The most prevalent source of UHMWPE wear debris results from relatively rapid (compared to the tibial surface) wear of the UHMWPE patella surface. If the patella has a metal backing, this backing can eventually wear against the metal femoral surface following excessive polyethylene wear, and further aggravate the wear process and accelerate the adverse consequences via production of metal and UHMWPE debris.

Tibial wear of the UHMWPE has also been observed. Thinner UHMWPE surfaces on the tibia may allow eventual wear through to the underlying metal. Thicker tibial UHMWPE surfaces are desired but at the expense of excessive resection of the bone (tibia) during surgery. In just the past few years, the benefit of ceramic-UHMWPE wear combinations in the total hip joint and in laboratory tests have shown this wear combination to reduce friction and UHMWPE wear. Knee simulator tests in Japan have shown this to also be the case for monolithic ceramic knee femoral components articulating against UHMWPE.

Although the ceramic femoral surfaces show a clear advantage over cobalt alloy femoral surfaces in reducing UHMWPE wear, the fact remains that both the UHMWPE tibia and particularly the UHMWPE patella component (roughly twice the contact stress of the tibial surface) still wear at a finite rate. Alternative attempts to minimize UHMWPE tibial wear include the use of movable tibial segments such as in meniscal bearing total knee designs.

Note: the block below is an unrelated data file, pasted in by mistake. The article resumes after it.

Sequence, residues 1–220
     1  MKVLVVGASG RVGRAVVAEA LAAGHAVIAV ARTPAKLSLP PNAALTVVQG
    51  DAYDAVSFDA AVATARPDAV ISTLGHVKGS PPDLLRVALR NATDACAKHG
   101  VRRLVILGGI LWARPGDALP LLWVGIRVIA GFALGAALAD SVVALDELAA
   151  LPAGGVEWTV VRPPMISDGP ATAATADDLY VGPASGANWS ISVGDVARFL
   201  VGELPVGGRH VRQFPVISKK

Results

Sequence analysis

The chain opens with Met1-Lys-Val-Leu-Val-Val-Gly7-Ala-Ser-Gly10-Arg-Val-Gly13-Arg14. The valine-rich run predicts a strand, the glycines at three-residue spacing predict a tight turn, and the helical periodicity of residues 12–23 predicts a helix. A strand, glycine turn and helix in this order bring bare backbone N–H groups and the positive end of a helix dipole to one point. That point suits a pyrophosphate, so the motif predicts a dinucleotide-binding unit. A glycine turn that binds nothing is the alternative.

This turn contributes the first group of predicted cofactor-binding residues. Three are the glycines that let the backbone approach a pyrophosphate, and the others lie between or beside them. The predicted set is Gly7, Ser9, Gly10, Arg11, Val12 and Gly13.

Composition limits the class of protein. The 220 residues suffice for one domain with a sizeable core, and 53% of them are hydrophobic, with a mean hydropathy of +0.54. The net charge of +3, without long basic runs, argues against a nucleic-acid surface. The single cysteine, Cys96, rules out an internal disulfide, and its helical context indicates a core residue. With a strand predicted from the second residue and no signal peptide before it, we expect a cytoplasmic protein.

In all the currently available total knee systems both tibial and patella wear of the UHMWPE material occurs against the polished metal femoral surface. During wear of the knee, it is the UHMWPE which undergoes wear in a constant area, such as the domed patella surface, or in a relatively constant area such as in the tibial surface. That is, the wear of the UHMWPE is not minimized because a particular region(s) of the UHMWPE remains in contact with the mating metal surface during relative motion (sliding distance) of the metal surface; The wear factor K, of UHMWPE articulation against polished metal implant surfaces is the volume (mm3) of UHMPE per unit stress and sliding distance. Thus, for a given load (contact stress), reducing the sliding distance over which the metal surface rubs the UHMWPE will reduce the volume of UHMWPE wear debris. The use of both a polymer femoral and tibial and patella component does not eliminate this wear difference and, depending on the polymer combination, may actually increase wear dramatically.